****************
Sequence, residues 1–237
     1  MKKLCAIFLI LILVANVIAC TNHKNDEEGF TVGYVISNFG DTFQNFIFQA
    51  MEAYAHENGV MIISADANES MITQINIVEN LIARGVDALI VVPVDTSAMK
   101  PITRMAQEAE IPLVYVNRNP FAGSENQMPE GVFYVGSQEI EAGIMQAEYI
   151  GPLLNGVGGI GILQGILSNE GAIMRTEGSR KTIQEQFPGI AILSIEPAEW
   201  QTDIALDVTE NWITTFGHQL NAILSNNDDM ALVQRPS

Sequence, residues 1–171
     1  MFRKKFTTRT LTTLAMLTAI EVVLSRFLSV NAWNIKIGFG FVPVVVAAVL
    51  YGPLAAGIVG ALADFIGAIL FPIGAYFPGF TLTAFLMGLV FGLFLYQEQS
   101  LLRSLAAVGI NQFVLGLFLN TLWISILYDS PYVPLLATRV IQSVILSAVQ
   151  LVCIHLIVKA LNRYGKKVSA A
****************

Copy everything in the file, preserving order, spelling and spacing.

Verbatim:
Sequence, residues 1–237
     1  MKKLCAIFLI LILVANVIAC TNHKNDEEGF TVGYVISNFG DTFQNFIFQA
    51  MEAYAHENGV MIISADANES MITQINIVEN LIARGVDALI VVPVDTSAMK
   101  PITRMAQEAE IPLVYVNRNP FAGSENQMPE GVFYVGSQEI EAGIMQAEYI
   151  GPLLNGVGGI GILQGILSNE GAIMRTEGSR KTIQEQFPGI AILSIEPAEW
   201  QTDIALDVTE NWITTFGHQL NAILSNNDDM ALVQRPS

Sequence, residues 1–171
     1  MFRKKFTTRT LTTLAMLTAI EVVLSRFLSV NAWNIKIGFG FVPVVVAAVL
    51  YGPLAAGIVG ALADFIGAIL FPIGAYFPGF TLTAFLMGLV FGLFLYQEQS
   101  LLRSLAAVGI NQFVLGLFLN TLWISILYDS PYVPLLATRV IQSVILSAVQ
   151  LVCIHLIVKA LNRYGKKVSA A